The lab, though it may seem quiet and insulated, can be as full of background noise as a crowded train station when we're trying to catch the announcements. Our brains can filter out the noise and focus on the message up to a certain point, but turning up the volume on the loudspeakers -- improving the signal-to-noise ratio -- helps as well.
Separating out the signal from the noise -- increasing one while reducing the other -- is so basic that much of scientific research could not take place without it. One common method, developed by the physicist Robert Dicke at Princeton University, is based on a principle similar to the one that enables radio broadcasts to pass through the noisy atmosphere. In short, one modulates electric waves (which correspond to the sound waves) one wishes to send over long distances, adding them on top of a high-frequency wave. To listen to the broadcast, one must have a receiver that is tuned to the frequency of the carrier wave (that numbered band on the FM dial), which then splits the two waves apart and amplifies the second "rider" wave -- the music or talk we want to hear.
The method used by the physics labs is called "locked-in amplification." Here, too, a low-frequency, measured signal "rides" a high-frequency wave. A locked-in amplifier singles out the specific wave from the rest of the noise, "locking" onto the required signal and enabling scientists to make all sorts of accurate measurements.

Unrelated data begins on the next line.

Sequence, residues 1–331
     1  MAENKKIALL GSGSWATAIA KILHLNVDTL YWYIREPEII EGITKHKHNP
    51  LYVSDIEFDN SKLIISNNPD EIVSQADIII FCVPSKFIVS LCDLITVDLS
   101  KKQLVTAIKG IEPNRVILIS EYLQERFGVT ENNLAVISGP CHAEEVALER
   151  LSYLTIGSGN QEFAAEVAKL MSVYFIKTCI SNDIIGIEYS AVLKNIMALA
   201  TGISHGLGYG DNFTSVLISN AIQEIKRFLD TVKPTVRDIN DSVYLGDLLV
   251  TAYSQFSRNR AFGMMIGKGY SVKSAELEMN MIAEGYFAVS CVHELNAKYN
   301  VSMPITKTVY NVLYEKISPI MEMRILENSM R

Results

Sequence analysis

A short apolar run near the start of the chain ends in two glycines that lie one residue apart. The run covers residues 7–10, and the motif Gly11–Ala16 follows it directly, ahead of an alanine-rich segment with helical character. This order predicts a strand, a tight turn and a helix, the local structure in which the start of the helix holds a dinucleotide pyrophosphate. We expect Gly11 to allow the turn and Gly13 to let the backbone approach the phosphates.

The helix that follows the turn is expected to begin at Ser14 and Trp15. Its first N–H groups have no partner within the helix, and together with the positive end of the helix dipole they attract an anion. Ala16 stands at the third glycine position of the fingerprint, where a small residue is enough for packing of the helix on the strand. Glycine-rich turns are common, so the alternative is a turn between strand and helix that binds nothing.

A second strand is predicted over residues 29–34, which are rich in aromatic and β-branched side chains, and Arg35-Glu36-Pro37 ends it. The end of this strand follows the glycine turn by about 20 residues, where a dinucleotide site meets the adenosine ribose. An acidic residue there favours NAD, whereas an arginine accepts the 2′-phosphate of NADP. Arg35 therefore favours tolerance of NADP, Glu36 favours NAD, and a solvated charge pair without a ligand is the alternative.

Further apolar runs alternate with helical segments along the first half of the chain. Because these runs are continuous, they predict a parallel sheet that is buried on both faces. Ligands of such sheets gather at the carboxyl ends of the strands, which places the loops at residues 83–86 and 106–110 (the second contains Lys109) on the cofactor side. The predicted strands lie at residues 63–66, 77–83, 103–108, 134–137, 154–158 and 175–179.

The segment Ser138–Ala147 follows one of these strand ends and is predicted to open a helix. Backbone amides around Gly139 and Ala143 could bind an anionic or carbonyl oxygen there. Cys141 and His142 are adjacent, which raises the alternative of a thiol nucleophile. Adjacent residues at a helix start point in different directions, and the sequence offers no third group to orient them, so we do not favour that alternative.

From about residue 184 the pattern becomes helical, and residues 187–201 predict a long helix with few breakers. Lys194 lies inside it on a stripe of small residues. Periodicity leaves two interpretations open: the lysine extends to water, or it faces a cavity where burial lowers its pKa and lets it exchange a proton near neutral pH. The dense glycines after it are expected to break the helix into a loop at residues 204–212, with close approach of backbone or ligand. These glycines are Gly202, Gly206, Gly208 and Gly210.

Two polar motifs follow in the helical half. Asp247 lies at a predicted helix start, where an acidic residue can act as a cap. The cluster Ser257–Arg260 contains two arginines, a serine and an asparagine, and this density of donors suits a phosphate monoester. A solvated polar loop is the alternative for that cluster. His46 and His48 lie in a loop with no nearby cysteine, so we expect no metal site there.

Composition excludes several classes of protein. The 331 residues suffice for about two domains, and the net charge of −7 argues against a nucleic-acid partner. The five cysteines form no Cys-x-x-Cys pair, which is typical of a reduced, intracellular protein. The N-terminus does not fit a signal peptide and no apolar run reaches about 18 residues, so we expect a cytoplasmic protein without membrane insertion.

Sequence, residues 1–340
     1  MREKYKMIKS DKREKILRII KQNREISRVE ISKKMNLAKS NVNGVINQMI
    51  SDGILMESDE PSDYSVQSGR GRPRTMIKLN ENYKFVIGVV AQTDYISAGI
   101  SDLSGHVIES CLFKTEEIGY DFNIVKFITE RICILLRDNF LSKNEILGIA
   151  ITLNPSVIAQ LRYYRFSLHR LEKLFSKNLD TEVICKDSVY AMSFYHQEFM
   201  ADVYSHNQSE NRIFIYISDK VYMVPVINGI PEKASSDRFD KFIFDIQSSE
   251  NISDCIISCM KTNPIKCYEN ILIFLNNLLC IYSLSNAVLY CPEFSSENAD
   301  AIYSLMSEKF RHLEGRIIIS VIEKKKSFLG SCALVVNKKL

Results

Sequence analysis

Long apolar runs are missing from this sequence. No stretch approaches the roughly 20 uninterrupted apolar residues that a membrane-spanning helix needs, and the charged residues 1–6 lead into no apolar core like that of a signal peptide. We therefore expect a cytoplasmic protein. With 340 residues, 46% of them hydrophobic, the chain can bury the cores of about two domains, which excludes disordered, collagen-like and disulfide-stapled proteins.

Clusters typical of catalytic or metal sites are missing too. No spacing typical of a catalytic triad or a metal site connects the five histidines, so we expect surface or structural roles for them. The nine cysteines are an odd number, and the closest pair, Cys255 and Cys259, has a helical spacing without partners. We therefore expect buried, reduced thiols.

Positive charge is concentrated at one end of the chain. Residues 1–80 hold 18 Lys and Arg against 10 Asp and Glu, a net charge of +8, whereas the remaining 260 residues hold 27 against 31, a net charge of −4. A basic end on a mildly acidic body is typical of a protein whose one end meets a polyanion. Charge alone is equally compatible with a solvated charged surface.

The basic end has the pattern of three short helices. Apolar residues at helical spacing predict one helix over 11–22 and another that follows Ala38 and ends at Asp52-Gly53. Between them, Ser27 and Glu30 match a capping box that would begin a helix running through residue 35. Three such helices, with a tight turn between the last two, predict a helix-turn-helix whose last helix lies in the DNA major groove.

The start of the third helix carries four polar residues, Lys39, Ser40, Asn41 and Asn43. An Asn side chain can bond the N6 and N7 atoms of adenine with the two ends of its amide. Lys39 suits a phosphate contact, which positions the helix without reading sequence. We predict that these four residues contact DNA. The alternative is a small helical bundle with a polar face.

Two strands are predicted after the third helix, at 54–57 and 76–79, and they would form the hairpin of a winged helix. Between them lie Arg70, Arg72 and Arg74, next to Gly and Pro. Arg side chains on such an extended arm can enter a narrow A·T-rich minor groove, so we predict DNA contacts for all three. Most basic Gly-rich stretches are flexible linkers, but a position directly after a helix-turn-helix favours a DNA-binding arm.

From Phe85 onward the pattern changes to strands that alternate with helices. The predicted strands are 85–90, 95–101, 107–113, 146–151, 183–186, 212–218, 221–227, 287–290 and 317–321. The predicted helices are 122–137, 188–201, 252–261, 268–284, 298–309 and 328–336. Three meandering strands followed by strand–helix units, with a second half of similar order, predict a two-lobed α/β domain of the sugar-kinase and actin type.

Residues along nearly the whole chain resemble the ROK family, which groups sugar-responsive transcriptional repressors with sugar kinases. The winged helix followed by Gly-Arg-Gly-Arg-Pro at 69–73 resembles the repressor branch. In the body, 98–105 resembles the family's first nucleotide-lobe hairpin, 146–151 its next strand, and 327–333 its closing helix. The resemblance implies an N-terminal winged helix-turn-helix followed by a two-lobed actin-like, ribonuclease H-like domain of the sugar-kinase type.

To obtain good spatial resolution, one should measure with the smallest possible detector; one can't get much smaller than a single atom. The world of single atoms, however, is governed by the laws of quantum physics, and any sort of observation in the quantum world is a complex undertaking. The Heisenberg uncertainty principle, one of the cornerstones of quantum theory, sets limits on our ability to measure with any kind of precision. But that very theory contains some clues as to how these limits can be approached.
Dr. Roee Ozeri and research students Shlomi Kotler, Nitzan Akerman, Yinnon Glickman and Anna Keselman in the Weizmann Institute's Physics of Complex Systems Department applied the rules of quantum mechanics to a single atomic-ion detector, building a quantum version of a locked-in amplifier. Using the ions' spin as a sensor, they were able to measure magnetic vibrations with a spatial resolution of a just few nanometers (a few billionths of a meter). The sensitivity of this measurement was extremely high: around 100 times better than any previous such measurement. This technique, says Ozeri, could be used in physics labs around the world to improve the sensitivity of all sorts of quantum sensors.
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